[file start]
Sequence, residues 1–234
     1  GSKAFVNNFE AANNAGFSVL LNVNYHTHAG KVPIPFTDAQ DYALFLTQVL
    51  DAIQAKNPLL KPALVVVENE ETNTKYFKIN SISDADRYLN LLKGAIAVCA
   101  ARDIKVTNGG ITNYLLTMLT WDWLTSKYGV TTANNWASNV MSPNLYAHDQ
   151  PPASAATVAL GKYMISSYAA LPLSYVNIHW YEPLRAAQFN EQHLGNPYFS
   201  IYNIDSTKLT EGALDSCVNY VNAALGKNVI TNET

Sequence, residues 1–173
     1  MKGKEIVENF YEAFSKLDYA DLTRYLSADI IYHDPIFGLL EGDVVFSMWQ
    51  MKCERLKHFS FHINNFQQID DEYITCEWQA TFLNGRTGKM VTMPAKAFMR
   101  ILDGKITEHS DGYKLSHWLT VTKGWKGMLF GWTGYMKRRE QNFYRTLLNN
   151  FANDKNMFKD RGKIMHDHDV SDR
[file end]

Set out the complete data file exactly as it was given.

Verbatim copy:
Sequence, residues 1–234
     1  GSKAFVNNFE AANNAGFSVL LNVNYHTHAG KVPIPFTDAQ DYALFLTQVL
    51  DAIQAKNPLL KPALVVVENE ETNTKYFKIN SISDADRYLN LLKGAIAVCA
   101  ARDIKVTNGG ITNYLLTMLT WDWLTSKYGV TTANNWASNV MSPNLYAHDQ
   151  PPASAATVAL GKYMISSYAA LPLSYVNIHW YEPLRAAQFN EQHLGNPYFS
   201  IYNIDSTKLT EGALDSCVNY VNAALGKNVI TNET

Sequence, residues 1–173
     1  MKGKEIVENF YEAFSKLDYA DLTRYLSADI IYHDPIFGLL EGDVVFSMWQ
    51  MKCERLKHFS FHINNFQQID DEYITCEWQA TFLNGRTGKM VTMPAKAFMR
   101  ILDGKITEHS DGYKLSHWLT VTKGWKGMLF GWTGYMKRRE QNFYRTLLNN
   151  FANDKNMFKD RGKIMHDHDV SDR